We just don’t want that to happen again.

Should we do a cheer?

Sure, let’s do a cheer.

What’s the Cleveland Browns cheer?

We mostly just woof like dogs. Do you want to make up a cheer?

Yeah! Whooooooooooaaaaa Cleveland Cleveland Cleveland GO BROWNS.

That’s very good. I like it. Hey, look, we scored!

But they have six and we only have three.

Well, three is more than zero, isn’t it?

Yeah. But we need more.

Yes. Yes we do.

What’s the yellow thing on the TV mean?

Well, that’s a penalty flag. That means that one of the players did something wrong, and one of the teachers threw a yellow flag. See, okay, that guy scored—that was good! But then he mocked the other team a little too much. He acted like he was taking a nap in the endzone and used the football as a pillow. You’re not supposed to do that.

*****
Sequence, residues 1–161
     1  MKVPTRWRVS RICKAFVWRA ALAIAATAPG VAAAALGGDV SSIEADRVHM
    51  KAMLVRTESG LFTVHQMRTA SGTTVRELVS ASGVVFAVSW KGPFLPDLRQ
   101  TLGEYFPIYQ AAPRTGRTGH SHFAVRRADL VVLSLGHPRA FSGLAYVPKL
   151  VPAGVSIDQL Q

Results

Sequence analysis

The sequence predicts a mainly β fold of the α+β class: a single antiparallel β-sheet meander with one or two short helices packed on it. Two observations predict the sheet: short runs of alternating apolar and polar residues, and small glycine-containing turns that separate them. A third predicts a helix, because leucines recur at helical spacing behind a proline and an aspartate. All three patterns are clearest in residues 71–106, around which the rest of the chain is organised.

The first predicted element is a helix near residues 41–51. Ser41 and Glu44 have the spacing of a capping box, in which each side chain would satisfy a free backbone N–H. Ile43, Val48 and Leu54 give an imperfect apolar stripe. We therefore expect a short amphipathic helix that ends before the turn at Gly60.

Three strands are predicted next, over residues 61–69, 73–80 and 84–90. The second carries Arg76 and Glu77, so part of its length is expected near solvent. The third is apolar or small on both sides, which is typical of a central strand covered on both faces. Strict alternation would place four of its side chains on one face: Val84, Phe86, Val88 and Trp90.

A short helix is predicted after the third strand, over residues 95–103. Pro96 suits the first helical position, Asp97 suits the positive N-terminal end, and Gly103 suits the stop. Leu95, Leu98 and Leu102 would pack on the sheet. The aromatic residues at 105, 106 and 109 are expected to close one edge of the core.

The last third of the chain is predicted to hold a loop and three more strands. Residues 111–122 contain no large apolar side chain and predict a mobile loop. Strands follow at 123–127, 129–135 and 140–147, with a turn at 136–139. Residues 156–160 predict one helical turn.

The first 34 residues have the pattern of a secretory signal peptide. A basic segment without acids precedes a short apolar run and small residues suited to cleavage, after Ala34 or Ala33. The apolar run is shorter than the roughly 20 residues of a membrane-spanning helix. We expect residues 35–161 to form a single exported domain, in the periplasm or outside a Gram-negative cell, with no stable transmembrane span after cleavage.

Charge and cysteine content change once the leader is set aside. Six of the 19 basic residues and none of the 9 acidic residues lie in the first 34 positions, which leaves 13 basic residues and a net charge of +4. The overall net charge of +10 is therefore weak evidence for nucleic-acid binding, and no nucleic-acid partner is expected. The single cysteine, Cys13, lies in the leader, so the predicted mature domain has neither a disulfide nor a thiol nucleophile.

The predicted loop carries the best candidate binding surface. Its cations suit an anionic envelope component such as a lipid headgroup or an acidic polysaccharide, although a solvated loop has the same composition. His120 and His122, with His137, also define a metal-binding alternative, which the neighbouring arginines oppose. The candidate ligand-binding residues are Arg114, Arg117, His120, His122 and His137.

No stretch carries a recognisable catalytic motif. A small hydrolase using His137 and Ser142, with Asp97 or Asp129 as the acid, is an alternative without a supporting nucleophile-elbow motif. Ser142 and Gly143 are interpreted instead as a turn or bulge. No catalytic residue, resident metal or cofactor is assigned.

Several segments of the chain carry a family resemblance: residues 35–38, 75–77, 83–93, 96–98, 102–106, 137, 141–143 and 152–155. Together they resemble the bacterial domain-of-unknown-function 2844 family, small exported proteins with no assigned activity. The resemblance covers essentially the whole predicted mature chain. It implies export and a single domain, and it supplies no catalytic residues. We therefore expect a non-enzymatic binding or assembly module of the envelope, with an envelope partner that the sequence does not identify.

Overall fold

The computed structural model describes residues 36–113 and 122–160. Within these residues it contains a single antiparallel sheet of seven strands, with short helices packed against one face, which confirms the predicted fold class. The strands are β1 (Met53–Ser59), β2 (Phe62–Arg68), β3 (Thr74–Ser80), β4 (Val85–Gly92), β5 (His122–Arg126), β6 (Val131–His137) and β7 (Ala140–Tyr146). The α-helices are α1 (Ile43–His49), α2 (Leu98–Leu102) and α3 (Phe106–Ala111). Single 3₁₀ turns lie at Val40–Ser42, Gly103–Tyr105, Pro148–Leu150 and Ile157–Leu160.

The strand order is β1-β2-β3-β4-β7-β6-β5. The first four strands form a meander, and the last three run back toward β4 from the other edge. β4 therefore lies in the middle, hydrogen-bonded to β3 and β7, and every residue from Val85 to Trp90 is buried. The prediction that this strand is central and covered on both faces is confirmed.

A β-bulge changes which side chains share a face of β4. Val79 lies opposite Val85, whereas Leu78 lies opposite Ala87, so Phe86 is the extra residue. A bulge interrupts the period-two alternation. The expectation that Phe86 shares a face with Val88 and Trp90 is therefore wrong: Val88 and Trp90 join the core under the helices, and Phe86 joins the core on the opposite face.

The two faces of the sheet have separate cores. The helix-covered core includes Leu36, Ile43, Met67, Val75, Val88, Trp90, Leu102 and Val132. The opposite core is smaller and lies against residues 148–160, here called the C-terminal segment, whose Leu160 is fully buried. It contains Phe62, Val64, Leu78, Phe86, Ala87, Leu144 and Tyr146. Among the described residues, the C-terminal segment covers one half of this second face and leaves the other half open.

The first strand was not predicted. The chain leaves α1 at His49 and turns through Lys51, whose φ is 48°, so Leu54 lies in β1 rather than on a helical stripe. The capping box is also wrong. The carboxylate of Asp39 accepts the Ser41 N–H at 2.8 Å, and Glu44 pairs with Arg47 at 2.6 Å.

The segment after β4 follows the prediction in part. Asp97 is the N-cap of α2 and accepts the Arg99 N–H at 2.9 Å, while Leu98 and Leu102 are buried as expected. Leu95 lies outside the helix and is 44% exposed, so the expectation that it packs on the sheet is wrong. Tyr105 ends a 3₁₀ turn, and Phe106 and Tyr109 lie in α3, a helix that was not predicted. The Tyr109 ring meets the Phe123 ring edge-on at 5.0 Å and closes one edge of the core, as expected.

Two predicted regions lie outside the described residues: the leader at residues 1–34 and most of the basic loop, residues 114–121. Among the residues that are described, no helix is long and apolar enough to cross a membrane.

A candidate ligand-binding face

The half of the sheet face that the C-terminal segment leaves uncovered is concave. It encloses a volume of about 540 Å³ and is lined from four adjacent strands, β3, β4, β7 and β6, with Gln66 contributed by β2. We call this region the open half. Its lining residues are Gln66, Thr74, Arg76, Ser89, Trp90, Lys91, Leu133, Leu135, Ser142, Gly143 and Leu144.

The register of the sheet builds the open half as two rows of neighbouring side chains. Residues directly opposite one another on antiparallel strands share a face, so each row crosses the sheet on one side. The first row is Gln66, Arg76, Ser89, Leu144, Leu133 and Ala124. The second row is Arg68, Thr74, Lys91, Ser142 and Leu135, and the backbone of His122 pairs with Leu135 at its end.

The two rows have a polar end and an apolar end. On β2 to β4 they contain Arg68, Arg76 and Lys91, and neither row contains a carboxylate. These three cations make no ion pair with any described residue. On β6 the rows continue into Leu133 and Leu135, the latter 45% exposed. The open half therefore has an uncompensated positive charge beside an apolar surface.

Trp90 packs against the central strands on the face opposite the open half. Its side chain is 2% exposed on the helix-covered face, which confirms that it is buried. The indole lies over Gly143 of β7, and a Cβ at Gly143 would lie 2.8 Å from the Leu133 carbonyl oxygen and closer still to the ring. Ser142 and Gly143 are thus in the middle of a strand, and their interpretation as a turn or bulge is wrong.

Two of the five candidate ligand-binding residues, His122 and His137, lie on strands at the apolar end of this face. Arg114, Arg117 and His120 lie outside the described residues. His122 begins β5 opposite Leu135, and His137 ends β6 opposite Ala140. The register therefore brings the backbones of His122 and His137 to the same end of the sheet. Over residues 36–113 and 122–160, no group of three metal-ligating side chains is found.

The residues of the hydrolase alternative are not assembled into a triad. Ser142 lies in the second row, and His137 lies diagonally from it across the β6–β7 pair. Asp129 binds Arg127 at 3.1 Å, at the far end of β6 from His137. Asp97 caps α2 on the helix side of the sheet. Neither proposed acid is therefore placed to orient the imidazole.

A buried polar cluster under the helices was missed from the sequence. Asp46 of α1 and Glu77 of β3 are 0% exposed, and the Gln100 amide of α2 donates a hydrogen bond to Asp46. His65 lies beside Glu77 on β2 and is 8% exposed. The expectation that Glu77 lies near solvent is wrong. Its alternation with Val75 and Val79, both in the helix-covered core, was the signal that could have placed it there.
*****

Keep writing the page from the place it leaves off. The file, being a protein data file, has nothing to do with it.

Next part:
But that’s funny.

Yes, it’s very funny. That’s why you’re not allowed to do it.

Like when I—

Yes, exactly.

The glacially slow pace of play in NFL games doesn’t exactly suit the attention span of a young child, so he drifted in and out, occasionally working on Legos and disappearing for snacks. But he kept coming back to check on the score, and on me.

They have 22 and we only have 10?

No, look, we just scored.

So we have eleven?

No, you get six points when you score.

Every time?

No, just some of the time.

The Browns rallied to turn a first half blowout-in-the-making into a competitive game in the second half, and opened up an actual window of tantalizing possibility in the fourth quarter, drawing within striking distance when Kansas City’s Patrick Mahomes exited the game with a concussion, putting the game in the hands of backup Chad Henne.